Definition of cadaver in English:
nounMedicine or literary
- The forms should specifically use the term dissect and specify the use of the cadavers for medical education and research purposes.
- Also examined is the use of donated ova from aborted fetuses and cadavers.
- Five of the eight matched pairs were from male cadavers and three were from female cadavers.
- Example sentences
- Consequently, the safeguards protecting confidentiality and enhancing consent that allow for ethical use of cadavers and cadaveric tissues from hospital autopsies for education and research are not in place.
- The surgeon then aseptically packs the cadaveric kidneys in additional iced solution and packages them in sterile iced containers.
- Finally, perceptions of ethical acceptability were variable within items, indicating considerable disagreement among medical examiners on the research use of cadaveric tissues.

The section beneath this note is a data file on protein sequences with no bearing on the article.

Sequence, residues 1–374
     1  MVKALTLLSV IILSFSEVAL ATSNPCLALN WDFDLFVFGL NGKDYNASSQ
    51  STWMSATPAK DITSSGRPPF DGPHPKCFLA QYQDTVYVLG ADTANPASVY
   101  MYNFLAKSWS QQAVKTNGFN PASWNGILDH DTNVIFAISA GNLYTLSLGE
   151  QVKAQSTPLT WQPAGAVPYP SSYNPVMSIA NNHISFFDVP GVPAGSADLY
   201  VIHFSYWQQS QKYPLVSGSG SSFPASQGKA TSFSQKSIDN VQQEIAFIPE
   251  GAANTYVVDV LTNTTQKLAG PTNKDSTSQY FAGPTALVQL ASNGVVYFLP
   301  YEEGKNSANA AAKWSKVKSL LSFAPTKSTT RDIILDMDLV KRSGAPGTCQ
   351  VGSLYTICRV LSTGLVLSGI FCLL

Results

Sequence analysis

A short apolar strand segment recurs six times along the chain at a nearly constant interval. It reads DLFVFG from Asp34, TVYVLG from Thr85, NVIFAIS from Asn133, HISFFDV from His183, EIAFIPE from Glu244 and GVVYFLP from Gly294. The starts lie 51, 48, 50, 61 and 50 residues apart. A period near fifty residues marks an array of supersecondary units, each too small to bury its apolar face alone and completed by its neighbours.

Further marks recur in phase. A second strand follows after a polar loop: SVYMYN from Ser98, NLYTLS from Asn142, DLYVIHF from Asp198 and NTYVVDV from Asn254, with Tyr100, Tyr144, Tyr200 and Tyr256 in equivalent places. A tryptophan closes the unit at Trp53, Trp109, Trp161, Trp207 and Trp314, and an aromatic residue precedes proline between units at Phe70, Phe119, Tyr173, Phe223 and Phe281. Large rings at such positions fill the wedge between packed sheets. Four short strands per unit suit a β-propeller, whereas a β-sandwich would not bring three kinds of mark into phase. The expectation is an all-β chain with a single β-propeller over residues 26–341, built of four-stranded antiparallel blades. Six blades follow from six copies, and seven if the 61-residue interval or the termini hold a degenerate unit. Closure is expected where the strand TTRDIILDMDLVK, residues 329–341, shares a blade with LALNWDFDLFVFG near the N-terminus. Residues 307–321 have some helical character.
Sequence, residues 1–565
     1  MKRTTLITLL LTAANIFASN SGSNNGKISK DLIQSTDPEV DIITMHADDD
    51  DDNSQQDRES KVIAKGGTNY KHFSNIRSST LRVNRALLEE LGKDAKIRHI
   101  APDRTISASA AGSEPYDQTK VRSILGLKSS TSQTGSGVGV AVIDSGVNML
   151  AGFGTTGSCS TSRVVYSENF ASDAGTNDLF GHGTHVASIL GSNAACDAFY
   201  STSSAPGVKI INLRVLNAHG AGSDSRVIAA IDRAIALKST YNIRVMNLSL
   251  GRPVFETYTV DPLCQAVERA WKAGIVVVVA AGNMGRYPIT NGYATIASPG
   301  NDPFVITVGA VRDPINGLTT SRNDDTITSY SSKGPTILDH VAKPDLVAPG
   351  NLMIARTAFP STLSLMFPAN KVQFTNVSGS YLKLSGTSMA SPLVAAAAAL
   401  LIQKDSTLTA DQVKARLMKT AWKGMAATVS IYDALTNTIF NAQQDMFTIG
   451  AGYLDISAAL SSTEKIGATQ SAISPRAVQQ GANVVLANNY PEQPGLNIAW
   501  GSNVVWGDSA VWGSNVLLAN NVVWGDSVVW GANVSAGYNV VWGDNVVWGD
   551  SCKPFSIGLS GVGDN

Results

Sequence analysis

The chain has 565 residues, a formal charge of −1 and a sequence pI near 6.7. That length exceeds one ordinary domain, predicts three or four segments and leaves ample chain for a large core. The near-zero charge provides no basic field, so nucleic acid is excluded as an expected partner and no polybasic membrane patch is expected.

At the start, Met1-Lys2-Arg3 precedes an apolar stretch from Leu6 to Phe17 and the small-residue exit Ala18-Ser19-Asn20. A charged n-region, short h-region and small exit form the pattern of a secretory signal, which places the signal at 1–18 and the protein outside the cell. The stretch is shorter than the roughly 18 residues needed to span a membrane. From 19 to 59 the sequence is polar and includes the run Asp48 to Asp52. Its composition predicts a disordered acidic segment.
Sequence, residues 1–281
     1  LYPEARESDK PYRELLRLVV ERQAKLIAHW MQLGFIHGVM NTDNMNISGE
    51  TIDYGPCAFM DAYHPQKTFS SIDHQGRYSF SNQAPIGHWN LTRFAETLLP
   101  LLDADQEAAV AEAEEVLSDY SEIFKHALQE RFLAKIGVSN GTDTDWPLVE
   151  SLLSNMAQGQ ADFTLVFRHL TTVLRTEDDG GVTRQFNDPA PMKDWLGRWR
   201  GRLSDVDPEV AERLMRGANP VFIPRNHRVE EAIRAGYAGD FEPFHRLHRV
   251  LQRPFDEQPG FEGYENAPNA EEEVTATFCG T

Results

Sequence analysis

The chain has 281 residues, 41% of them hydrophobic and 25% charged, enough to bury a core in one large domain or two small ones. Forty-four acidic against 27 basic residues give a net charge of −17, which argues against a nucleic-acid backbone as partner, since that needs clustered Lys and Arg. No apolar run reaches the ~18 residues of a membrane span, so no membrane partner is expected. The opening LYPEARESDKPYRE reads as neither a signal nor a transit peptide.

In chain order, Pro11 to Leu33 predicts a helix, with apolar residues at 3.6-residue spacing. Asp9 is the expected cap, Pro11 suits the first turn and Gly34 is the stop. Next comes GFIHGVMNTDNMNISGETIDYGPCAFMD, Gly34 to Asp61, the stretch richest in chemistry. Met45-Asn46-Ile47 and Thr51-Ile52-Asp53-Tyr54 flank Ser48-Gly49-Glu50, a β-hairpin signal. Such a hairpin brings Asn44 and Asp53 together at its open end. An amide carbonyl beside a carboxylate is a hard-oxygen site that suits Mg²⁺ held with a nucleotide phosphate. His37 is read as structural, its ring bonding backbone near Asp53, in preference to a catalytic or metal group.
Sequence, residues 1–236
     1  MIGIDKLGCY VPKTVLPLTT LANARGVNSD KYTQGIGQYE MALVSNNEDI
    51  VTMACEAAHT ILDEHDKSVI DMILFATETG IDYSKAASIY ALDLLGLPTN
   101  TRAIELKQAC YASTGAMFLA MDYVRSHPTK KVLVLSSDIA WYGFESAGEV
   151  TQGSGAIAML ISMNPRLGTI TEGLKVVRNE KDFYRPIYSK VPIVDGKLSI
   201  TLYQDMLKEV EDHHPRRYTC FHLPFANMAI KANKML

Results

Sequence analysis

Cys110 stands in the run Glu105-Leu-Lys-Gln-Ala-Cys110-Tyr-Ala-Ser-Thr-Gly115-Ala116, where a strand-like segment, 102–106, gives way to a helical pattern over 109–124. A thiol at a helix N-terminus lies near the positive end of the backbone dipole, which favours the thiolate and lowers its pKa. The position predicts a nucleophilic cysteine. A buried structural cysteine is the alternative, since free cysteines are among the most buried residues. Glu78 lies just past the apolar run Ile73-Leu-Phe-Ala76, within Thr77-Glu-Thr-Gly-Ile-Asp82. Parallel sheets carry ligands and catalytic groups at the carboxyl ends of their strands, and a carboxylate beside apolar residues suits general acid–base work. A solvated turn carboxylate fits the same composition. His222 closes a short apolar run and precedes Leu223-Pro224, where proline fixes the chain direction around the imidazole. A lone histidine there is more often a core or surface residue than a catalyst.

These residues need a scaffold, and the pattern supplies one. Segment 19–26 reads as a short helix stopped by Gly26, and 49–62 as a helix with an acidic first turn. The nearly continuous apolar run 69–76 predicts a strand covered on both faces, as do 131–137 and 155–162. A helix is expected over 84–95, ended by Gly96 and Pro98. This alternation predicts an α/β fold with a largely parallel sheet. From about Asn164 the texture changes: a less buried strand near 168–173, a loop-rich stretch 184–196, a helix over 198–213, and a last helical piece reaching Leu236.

Late Middle English: from Latin, from cadere 'to fall'.
accident from Late Middle English:
An accident was originally ‘an event, something that happens’, not necessarily a mishap. It came into English via Old French, ultimately from Latin cadere, meaning ‘to fall’, which also gave us words such as cadaver (Late Middle English) ‘someone fallen’, chance, decay (Late Middle English) ‘fall away’, incident (Late Middle English) ‘fall upon’ so ‘happen’; and occasion (Late Middle English). The idea of an event ‘falling’ remains in the English word befall (Old English). Later the meaning of accident evolved into ‘something that happens by chance’, as in the phrase a happy accident. By the 17th century the modern meaning had become established in the language. The full form of the proverb accidents will happen, which dates from the early 19th century, is accidents will happen in the best-regulated families. According to Mr Micawber in Charles Dickens's David Copperfield ( 1850): ‘Accidents will occur in the best-regulated families; and in families not regulated by…the influence of Woman, in the lofty character of Wife, they must be expected with confidence, and must be borne with philosophy.’ See also adventure
Words that rhyme with cadaverslaver
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